Carlo J. Caparas


CARLO J. CAPARAS’ name is synonymous with movie blockbusters, but he honed his talents while writing for the komiks.

His career was highlighted by the Film Academy Awards in the Best Story, Best Picture and Best Direction categories, for his serial, Pieta. This was published in the Darna Komiks of the Atlas Publishing Co., Inc.

Shaped by his humble beginnings as a factory worker, Caparas’ novels are laced with human sensitivity and a feeling soul. His lowly life hovered above his art giving greater dimensions and depth to his stories.

But his first attempt at the writing field started during his days as a security guard. To while away lethargic moments, specially during the doldrums of the night shifts, Caparas decided to dabble on komiks illustrations that fit into scripted stories. Caparas derived this “hobby” from townmate and friend, illustrator Mar T. Santana – already an established name in the field at the time. With each stroke of the pen and brush, Caparas was faced with the inescapable decision of whether to stick to illustrations or else be a writer. “I shall write!” was his final declaration.

From his first short story, “Ako’y Nagmamahal Sa Iyo”, which appeared in the PSG Publishing House, in 1967, Carlo J. Caparas turned out many more enduring novels to satisfy the public’s craving for new and fresh plots.

In 1970, the factory hand cum security guard became associate editor of Superstar Nora Aunor Movie Entertainment Magazine of the Affiliated Publications, under the stewardship of Antonio S. Tenorio, as Editor. His opening salvo for said komiks was Citadel. This was followed by Till Death Do Us Part. Kiss My Feet was his third successful novel.

But one of his earlier and more memorable hits was the novel Bakekang which was serialized in the Bondying Weekly Movie Specials of the Ace Publications. The novel ran for several years and was adapted for the silver screen. Nora Aunor played the title role in that film.

Following Bakekang were more hit novels. Among the more exceptionally popular and which Caparas himself regards as one of his own favorites was Juan Tornado. Caparas billed Tornado as “the first Filipino heavyweight boxer” and played on the Filipino male’s ego by pitting him against a fictional Muhammad Ali, then the reigning world heavyweight champion.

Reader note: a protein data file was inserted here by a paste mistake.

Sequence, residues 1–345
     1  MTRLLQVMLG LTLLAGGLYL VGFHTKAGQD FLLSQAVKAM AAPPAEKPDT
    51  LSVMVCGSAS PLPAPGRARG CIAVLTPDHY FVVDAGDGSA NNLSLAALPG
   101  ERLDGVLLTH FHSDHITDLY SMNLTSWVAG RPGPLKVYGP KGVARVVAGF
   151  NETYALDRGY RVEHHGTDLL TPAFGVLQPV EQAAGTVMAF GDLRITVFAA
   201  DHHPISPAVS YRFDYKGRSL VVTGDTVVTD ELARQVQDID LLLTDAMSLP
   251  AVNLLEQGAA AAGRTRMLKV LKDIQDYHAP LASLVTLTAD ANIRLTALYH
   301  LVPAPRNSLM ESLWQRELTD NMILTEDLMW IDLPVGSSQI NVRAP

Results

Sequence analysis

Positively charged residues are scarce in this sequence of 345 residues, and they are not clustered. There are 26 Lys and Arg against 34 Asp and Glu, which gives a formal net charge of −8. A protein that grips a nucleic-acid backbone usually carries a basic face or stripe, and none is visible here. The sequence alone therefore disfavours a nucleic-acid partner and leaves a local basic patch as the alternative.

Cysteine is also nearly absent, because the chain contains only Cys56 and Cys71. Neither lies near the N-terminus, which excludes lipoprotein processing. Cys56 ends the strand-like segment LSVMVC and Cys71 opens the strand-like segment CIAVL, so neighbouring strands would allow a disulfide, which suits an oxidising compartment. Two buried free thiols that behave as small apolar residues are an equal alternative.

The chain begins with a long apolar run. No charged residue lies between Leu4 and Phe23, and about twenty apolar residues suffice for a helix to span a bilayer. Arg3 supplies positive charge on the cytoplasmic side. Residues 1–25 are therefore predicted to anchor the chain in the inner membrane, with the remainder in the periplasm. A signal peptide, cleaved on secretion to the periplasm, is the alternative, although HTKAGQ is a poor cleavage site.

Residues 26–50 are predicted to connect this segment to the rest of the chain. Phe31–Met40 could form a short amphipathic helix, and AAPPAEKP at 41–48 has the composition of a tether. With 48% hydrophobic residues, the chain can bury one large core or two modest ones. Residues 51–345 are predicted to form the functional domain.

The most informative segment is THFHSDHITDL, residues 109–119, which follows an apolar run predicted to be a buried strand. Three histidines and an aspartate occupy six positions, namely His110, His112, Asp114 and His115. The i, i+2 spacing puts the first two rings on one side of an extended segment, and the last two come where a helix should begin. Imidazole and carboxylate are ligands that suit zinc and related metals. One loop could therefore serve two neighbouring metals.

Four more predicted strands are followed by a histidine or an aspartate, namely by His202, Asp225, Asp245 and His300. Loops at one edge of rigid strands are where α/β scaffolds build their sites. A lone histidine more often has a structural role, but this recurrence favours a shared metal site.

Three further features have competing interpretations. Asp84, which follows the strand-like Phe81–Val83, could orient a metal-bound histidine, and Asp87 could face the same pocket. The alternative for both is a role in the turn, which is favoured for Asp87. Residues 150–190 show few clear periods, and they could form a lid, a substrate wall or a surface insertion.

Other famous Caparas hits were The Hero, Angela Markado, Totoy Bato, Ang Panday, Ermitanyo, Kung Tawagin Siya’y Bathala, Ang Huling Lalaki sa Baluarte, Somewhere, Pieta, Kahit Ako’y Lupa, Mong, Agatona, Harimanok, and Andres de Saya, to name only a few.

Pieta, published in the Darna Komiks, was such a hit with readers that it had to have a sequel. So was Kahit Ako’y Lupa which was serialized in the Espesyal Komiks and had Anak ng Lupa for the sequel’s title. Mong’s sequel was Mong sa NBA and it was serialized in the Pilipino Komiks. Andres de Saya, published in the Tagalog Klasiks, was given the title Mabagsik na raw si Andres when Caparas wrote its sequel.

Caparas belongs to the very unique breed of komiks craftsmen who are at home in both the action-drama and comedy genres. For just as he can readily burn the komiks pages with violent action, or tag at his readers’ heart with soul-rending drama, he can easily make them roll with laughter with his comedy.

Juan Tornado was a comic character. So were Mong, Agatona, Andres de Saya and Harimanok. Tornado was a bumbling, reluctant would-be heavyweight champion. Mong was towering young man literally pushed into the hardcourt by his over-ambitious father. Agatona was a tomboyish female basketball player. Harimanok, on the other hand, was a wisecracking talking-rooster and was apparently inspired by the sarimanok, the Muslim symbolic bird. It ran for several years in the Superstar Komiks.

His mastery of his chosen art could easily be gleaned from his capacity to manage a record-high of thirty-six weekly serials at the same time.

Many of Caparas’ novels have been turned into films. His novel, “Durugin si Totoy Bato”, did not only hit the chart as top-grosser at the box-office: it also won for Caparas the much-coveted FAMAS Award. The fantasy-adventure flick, “Ang Panday”, also a komiks serial, was an unprecedented topgrosser for three consecutive years (two were sequels) at the Metro Manila Film Festival. “Angela Markado”, a novel about a rape victim who sought justice and vindicated herself by killing her abusers one after the other, earned him international acclaim in a French Film Festival.

Despite the laurels and kudos he has received in the silver screen, Carlo J. Caparas would opt to say, with dignified pride: “I am a komiks scriptwriter”. For Caparas, no better title could aptly describe him. No other title would suit him a “T”. And no other title would he ever cherish.

Published Works